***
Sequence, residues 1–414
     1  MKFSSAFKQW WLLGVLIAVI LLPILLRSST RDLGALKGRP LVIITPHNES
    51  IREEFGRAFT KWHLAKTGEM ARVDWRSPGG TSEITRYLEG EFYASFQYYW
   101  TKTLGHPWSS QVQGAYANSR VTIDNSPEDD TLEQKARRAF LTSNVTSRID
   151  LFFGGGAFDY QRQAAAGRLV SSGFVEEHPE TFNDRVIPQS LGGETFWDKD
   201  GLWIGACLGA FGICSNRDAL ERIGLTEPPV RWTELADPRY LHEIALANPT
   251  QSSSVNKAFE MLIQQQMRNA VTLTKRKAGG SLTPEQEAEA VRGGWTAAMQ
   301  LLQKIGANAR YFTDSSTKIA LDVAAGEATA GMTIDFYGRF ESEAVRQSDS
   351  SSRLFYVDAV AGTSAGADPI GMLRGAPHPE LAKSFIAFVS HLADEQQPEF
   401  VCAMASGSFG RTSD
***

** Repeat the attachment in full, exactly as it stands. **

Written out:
Sequence, residues 1–414
     1  MKFSSAFKQW WLLGVLIAVI LLPILLRSST RDLGALKGRP LVIITPHNES
    51  IREEFGRAFT KWHLAKTGEM ARVDWRSPGG TSEITRYLEG EFYASFQYYW
   101  TKTLGHPWSS QVQGAYANSR VTIDNSPEDD TLEQKARRAF LTSNVTSRID
   151  LFFGGGAFDY QRQAAAGRLV SSGFVEEHPE TFNDRVIPQS LGGETFWDKD
   201  GLWIGACLGA FGICSNRDAL ERIGLTEPPV RWTELADPRY LHEIALANPT
   251  QSSSVNKAFE MLIQQQMRNA VTLTKRKAGG SLTPEQEAEA VRGGWTAAMQ
   301  LLQKIGANAR YFTDSSTKIA LDVAAGEATA GMTIDFYGRF ESEAVRQSDS
   351  SSRLFYVDAV AGTSAGADPI GMLRGAPHPE LAKSFIAFVS HLADEQQPEF
   401  VCAMASGSFG RTSD